As can be seen in the sole figure, the ouput leads of each of the circuit breakers are connected in parallel via conduit 42 which, in turn, is connected in parallel to the input terminals 44 and 46, respectively, of push-button switch 48 and on-off switch 50. Similarly, the output leads 52 and 54, respectively, of the switches 48 and 50 are connected in parallel and terminate in a test lead 56, which is adapted to be connected to the circuit which is desired to be tested. The input line 14 to the ammeter 12 and the output test lead 56 from the switches 48 and 50 are connected in parallel to overload buzzer 58 and overload warning light 60 through suitable electric conduits 62 and 64, respectively. It can thus be seen that when it is desired to test a circuit to determine the flow of amps therethrough, the input line 14 is connected to a power source while the test lead 56 is connected to the circuit desired to be tested. The switch 50 is positioned in the off position such that the circuit may be opened and closed by means of the push button 48. The button 48 is pushed such that the circuit will draw current therethrough. The user will utilize one or the other of the switches 22 and 24 to determine the amount of amperage that is desired to have pass through the ammeter 12. For example, if only 10 amps are desired to pass through the ammeter 12, the switch 22 is activated so as to connect the leads 18 and 26 while the switch 24 is moved to the off position, that is, terminating the electrical connection between the leads 20 and 30. On the other hand if it is desired to have 20 amps pass through the ammeter 12, the switch 22 is positioned so as to connect the leads 18 and 28 and, thus, the ammeter 12 with the circuit breaker 36. The switch 24 remains in the off position. If it is desired to have a total of 40 amps pass through the ammeter 12, then the switch 22 is positioned to connect the ammeter 12 with the circuit breaker 36; that is, the leads 18 and 28 are electrically connected. In addition, the switch 24 is turned to the on position; that is, the leads 20 and 30 are electrically connected. In this position the electric ammeter 12 is electrically connected to both circuit breakers 36 and 40, and thus a total of 40 amps may be drawn through the ammeter 12. It should be noted that the switch 24 should always be in an off position when the 10 amp circuit breeaker 34 is on.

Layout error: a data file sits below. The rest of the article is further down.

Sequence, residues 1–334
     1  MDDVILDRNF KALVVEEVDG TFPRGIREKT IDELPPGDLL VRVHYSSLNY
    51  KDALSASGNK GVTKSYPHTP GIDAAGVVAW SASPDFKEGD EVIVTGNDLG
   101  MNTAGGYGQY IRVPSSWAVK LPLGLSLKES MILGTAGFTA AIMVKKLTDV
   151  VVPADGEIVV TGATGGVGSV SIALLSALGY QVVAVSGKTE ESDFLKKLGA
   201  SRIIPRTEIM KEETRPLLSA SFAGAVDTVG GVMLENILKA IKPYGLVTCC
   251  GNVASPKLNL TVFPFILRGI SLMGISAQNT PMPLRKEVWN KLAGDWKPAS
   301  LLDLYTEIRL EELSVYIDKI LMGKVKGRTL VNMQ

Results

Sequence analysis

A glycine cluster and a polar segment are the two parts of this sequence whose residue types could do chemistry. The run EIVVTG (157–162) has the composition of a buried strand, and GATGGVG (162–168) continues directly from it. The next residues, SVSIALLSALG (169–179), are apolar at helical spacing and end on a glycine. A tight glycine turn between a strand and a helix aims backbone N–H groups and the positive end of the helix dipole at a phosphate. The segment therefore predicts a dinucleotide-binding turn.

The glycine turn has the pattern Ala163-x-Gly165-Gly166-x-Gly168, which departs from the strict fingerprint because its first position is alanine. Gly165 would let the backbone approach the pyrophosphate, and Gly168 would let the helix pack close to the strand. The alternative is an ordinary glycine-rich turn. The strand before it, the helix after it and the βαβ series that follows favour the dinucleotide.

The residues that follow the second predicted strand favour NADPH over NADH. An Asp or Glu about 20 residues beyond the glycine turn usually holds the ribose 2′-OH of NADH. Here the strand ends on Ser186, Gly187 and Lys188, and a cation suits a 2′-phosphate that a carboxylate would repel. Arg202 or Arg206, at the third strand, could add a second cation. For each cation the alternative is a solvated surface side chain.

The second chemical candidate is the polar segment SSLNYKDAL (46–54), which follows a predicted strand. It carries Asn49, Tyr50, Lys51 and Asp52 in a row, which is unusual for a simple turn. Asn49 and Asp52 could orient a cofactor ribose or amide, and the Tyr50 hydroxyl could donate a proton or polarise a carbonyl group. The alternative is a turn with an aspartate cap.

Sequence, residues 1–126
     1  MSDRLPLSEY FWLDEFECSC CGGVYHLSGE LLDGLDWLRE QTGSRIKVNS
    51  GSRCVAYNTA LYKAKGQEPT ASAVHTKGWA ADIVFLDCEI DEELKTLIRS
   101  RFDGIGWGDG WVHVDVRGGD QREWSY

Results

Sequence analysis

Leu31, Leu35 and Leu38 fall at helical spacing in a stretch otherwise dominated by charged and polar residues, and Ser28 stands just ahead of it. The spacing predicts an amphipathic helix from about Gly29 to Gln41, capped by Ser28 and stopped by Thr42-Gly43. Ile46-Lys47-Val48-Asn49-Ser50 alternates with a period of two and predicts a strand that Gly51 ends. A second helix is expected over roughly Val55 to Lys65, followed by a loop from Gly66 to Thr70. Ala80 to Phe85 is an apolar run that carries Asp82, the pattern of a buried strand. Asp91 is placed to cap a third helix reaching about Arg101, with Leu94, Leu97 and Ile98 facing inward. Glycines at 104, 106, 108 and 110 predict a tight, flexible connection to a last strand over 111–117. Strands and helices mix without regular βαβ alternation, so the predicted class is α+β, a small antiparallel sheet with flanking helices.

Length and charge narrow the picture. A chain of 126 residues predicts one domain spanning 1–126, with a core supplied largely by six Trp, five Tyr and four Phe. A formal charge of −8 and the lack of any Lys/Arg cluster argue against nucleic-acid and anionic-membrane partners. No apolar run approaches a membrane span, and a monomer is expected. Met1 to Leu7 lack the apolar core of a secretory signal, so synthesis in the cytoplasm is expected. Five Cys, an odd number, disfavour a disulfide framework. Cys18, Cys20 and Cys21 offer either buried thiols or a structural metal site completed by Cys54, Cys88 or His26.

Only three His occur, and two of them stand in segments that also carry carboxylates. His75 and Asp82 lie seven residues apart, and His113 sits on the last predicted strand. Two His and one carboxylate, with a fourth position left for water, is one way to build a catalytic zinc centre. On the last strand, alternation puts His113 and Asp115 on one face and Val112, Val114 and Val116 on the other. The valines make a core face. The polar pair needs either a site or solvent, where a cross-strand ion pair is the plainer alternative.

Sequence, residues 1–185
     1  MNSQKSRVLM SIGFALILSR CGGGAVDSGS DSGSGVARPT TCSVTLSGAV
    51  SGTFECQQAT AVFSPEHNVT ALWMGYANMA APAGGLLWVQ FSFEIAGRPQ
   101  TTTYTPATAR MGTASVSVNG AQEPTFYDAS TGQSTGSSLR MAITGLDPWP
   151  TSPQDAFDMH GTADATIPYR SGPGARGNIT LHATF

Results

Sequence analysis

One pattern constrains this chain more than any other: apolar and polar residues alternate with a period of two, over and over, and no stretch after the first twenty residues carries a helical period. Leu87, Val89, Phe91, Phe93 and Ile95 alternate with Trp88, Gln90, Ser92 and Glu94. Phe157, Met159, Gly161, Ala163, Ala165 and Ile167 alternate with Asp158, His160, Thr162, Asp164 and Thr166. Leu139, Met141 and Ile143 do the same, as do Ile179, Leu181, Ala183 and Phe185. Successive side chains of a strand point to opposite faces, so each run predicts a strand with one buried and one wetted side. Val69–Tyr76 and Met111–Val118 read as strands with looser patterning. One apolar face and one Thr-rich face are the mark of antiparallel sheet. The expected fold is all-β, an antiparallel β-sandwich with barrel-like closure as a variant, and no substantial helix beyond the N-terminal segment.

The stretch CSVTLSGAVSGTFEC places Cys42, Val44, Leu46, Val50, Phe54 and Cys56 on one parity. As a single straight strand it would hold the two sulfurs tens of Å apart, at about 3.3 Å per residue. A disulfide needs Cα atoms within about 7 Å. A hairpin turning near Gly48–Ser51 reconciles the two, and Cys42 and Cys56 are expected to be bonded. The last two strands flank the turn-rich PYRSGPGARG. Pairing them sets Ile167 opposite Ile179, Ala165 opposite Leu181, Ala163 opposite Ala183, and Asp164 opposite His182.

If a high-current flow in the circuit should blow one of the circuit breakers, it can be seen that current will be directed through the buzzer 58 and light 60 whereupon the user of the instrument will be advised that a circuit breaker has become inoperative and the circuit is overloaded.
It can thus be seen that the present invention provides a new and improved circuit for protecting electrical indicating instruments, such as ammeters, and the same has been accomplished through a simple and inexpensive means.
Although only one form of the present invention has been disclosed, it should be apparent to those skilled in the art that other meter protection circuits may be had, all coming within the spirit of the invention and scope of the appended claims.
|Cited Patent||Filing date||Publication date||Applicant||Title|
|US2571048 *||Sep 11, 1950||Oct 9, 1951||Sterlingworth Company||Signal means for battery chargers|
|US3341762 *||Mar 15, 1965||Sep 12, 1967||Myer S Rockoff||Boost supply with polarity protection|
|Citing Patent||Filing date||Publication date||Applicant||Title|
|US20060087784 *||Oct 27, 2004||Apr 27, 2006||Dell Products L.P.||Over current protection device selection using active voltage sensing circuit|
|U.S. Classification||361/104, 361/1|
|International Classification||H02H3/08, G01R1/36|
|Cooperative Classification||H02H3/08, G01R1/36|
|European Classification||G01R1/36, H02H3/08|